"We all tried to be really careful in the summer — or, as we called it back then, 'polio season,''" John says. This was because every year around Memorial Day, major outbreaks would begin to emerge and they'd spike sometime around August. People weren't really sure how the disease spread at the time, but many believed it traveled through the water. There was no cure — and every child was susceptible to getting sick with it.

"We couldn't swim in hot weather," he remembers, "and the municipal outdoor pool would close down in August."

Then, in 1954 clinical trials began for Dr. Jonas Salk's vaccine against polio and within a year, his vaccine was announced safe. "I got that vaccine at school," John says. Within two years, U.S. polio cases had dropped 85-95 percent — even before a second vaccine was developed by Dr. Albert Sabin in the 1960s. "I remember how much better things got after the vaccines came out. They changed everything," John says.

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It's one thing to see a little kid skateboarding. It's another to see a stereotype-defying little girl skateboarding. And it's entirely another to see Paige Tobin.

Paige is a 6-year-old skateboarding wonder from Australia. A recent video of her dropping into a 12-foot bowl on her has gone viral, both for the feat itself and for the style with which she does it. Decked out in a pink party dress, a leopard-print helmet, and rainbow socks, she looks nothing like you'd expect a skater dropping into a 12-foot bowl to look. And yet, here she is, blowing people's minds all over the place.

For those who may not fully appreciate the impressiveness of this feat, here's some perspective. My adrenaline junkie brother, who has been skateboarding since childhood and who races down rugged mountain faces on a bike for fun, shared this video and commented, "If I dropped in to a bowl twice as deep as my age it would be my first and last time doing so...this fearless kid has a bright future!"

It's scarier than it looks, and it looks pretty darn scary.

Paige doesn't always dress like a princess when she skates, not that it matters. Her talent and skill with the board are what gets people's attention. (The rainbow socks are kind of her signature, however.)

Her Instagram feed is filled with photos and videos of her skateboarding and surfing, and the body coordination she's gained at such a young age is truly something.

Here she was at three years old:

And here she is at age four:


So, if she dropped into a 6-foot bowl at age three and a 12-foot bowl at age six—is there such a thing as an 18-foot bowl for her to tackle when she's nine?

Paige clearly enjoys skating and has high ambitions in the skating world. "I want to go to the Olympics, and I want to be a pro skater," she told Power of Positivity when she was five. She already seems to be well on her way toward that goal.

How did she get so good? Well, Paige's mom gave her a skateboard when she wasn't even preschool age yet, and she loved it. Her mom got her lessons, and she's spent the past three years skating almost daily. She practices at local skate parks and competes in local competitions.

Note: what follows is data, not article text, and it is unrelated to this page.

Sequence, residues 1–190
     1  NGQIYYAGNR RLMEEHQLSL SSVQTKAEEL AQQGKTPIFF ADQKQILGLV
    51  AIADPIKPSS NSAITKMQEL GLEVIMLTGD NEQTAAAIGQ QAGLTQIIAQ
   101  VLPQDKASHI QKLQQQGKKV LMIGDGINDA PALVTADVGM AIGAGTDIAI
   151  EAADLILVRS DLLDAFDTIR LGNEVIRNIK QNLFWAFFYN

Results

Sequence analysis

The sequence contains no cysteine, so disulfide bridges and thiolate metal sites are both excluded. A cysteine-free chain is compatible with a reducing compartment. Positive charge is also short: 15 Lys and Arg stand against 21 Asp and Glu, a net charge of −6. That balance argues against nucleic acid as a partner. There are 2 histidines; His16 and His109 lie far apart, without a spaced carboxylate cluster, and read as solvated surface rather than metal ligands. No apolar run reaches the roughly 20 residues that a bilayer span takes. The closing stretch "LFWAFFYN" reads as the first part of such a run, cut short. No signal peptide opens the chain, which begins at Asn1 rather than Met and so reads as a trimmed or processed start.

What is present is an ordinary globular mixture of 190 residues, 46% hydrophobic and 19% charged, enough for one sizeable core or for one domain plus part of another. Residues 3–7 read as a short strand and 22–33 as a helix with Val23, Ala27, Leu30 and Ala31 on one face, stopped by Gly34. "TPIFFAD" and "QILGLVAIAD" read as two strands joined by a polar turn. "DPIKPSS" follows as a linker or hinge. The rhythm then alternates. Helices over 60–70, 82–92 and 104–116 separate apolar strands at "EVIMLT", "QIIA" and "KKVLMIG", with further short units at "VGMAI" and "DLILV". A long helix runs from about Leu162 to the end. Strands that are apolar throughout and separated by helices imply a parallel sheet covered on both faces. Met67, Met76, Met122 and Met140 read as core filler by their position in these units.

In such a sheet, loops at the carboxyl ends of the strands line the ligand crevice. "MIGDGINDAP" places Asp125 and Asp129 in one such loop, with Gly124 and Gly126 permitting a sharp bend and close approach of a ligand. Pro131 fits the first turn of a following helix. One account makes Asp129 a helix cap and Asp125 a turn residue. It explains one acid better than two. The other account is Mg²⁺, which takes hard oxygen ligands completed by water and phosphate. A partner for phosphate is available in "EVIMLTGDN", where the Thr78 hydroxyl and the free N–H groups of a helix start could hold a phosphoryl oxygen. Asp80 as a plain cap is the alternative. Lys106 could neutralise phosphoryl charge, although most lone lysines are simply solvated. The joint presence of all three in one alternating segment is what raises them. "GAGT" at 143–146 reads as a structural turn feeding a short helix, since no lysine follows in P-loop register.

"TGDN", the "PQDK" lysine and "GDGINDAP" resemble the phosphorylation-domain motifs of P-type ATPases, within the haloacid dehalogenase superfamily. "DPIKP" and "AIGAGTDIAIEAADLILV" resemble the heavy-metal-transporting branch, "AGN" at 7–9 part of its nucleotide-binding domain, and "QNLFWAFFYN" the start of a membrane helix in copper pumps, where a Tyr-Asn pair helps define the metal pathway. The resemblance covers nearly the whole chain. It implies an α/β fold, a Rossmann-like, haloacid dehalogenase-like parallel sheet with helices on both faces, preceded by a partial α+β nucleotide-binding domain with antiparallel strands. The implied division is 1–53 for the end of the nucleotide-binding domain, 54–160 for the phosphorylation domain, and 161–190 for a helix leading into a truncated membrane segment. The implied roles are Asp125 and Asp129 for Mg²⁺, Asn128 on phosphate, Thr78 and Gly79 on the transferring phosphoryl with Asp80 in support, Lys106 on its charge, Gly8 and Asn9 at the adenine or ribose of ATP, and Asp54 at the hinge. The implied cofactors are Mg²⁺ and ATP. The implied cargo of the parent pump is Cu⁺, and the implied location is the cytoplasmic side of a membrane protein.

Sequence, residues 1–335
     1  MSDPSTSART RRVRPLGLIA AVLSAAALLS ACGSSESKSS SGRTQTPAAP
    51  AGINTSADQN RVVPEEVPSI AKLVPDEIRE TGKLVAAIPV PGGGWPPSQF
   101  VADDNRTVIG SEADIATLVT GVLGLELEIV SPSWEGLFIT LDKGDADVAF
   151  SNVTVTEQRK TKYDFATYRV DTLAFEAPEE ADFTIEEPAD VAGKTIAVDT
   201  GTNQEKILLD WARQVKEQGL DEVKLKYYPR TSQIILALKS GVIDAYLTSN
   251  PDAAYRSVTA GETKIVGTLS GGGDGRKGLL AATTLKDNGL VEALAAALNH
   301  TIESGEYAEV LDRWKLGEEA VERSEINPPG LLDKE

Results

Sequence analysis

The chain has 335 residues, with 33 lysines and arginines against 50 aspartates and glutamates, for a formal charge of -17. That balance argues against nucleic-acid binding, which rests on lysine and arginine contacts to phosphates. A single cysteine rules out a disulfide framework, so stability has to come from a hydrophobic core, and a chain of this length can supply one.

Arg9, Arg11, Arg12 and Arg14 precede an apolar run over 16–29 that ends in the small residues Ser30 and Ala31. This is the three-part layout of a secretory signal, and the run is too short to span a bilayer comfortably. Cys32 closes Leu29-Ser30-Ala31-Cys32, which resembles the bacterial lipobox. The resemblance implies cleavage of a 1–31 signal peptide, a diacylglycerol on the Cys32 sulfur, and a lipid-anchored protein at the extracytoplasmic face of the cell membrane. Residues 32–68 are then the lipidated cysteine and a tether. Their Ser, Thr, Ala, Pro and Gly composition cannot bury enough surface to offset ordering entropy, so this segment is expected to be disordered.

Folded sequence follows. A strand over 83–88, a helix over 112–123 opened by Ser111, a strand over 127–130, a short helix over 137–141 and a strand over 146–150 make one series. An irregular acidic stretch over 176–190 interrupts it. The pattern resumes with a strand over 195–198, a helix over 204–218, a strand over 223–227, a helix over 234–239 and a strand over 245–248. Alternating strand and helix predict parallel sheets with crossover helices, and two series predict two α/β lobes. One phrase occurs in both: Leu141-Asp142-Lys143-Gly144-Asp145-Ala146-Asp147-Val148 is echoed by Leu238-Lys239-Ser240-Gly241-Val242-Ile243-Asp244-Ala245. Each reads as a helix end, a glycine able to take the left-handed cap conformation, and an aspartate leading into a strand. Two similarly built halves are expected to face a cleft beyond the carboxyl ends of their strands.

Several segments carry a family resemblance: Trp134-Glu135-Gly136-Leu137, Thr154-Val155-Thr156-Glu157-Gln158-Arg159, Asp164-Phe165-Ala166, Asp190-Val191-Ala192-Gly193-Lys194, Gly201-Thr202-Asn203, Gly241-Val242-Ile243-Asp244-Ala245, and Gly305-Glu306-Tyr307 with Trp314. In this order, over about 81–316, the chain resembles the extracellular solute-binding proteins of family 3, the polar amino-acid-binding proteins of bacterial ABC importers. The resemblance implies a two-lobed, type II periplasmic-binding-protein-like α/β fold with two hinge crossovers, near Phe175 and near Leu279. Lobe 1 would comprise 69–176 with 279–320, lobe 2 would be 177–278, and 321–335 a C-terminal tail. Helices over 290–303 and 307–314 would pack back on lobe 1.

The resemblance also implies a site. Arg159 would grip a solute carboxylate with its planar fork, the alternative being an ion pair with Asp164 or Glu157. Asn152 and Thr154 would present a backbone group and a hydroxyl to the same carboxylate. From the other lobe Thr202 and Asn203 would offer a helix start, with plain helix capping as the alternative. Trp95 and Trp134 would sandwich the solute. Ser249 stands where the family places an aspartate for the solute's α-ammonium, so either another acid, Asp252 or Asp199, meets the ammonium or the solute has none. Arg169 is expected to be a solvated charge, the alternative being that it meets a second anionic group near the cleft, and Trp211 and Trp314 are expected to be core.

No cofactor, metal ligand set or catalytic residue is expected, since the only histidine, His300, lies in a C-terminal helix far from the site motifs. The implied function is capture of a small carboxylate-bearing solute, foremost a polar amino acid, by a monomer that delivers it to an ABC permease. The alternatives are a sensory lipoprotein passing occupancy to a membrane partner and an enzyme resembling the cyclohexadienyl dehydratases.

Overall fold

She also naturally has her fair share of spills, some of which you can see on her Instagram channel. Falling is part of the sport—you can't learn if you don't fall. Conquering the fear of falling is the key, and the thing that's hardest for most people to get over.

Perhaps Paige started too young to let fear override her desire to skate. Perhaps she's been taught to manage her fears, or maybe she's just naturally less afraid than other people. Or maybe there's something magical about the rainbow socks. Whatever it is, it's clear that this girl doesn't let fear get in the way of her doing what she wants to do. An admirable quality in anyone, but particularly striking to see in someone so young.

Way to go, Paige. Your perseverance and courage are inspiring, as is your unique fashion sense. Can't wait to see what you do next.

Images courtesy of John Scully, Walden University, Ingrid Scully
True

Since March of 2020, over 29 million Americans have been diagnosed with COVID-19, according to the CDC. Over 540,000 have died in the United States as this unprecedented pandemic has swept the globe. And yet, by the end of 2020, it looked like science was winning: vaccines had been developed.

In celebration of the power of science we spoke to three people: an individual, a medical provider, and a vaccine scientist about how vaccines have impacted them throughout their lives. Here are their answers:

John Scully, 79, resident of Florida

Photo courtesy of John Scully

When John Scully was born, America was in the midst of an epidemic: tens of thousands of children in the United States were falling ill with paralytic poliomyelitis — otherwise known as polio, a disease that attacks the central nervous system and often leaves its victims partially or fully paralyzed.

"As kids, we were all afraid of getting polio," he says, "because if you got polio, you could end up in the dreaded iron lung and we were all terrified of those." Iron lungs were respirators that enclosed most of a person's body; people with severe cases often would end up in these respirators as they fought for their lives.

John remembers going to see matinee showings of cowboy movies on Saturdays and, before the movie, shorts would run. "Usually they showed the news," he says, "but I just remember seeing this one clip warning us about polio and it just showed all these kids in iron lungs." If kids survived the iron lung, they'd often come back to school on crutches, in leg braces, or in wheelchairs.

"We all tried to be really careful in the summer — or, as we called it back then, 'polio season,''" John says. This was because every year around Memorial Day, major outbreaks would begin to emerge and they'd spike sometime around August. People weren't really sure how the disease spread at the time, but many believed it traveled through the water. There was no cure — and every child was susceptible to getting sick with it.

"We couldn't swim in hot weather," he remembers, "and the municipal outdoor pool would close down in August."

Then, in 1954 clinical trials began for Dr. Jonas Salk's vaccine against polio and within a year, his vaccine was announced safe. "I got that vaccine at school," John says. Within two years, U.S. polio cases had dropped 85-95 percent — even before a second vaccine was developed by Dr. Albert Sabin in the 1960s. "I remember how much better things got after the vaccines came out. They changed everything," John says.

Keep Reading Show less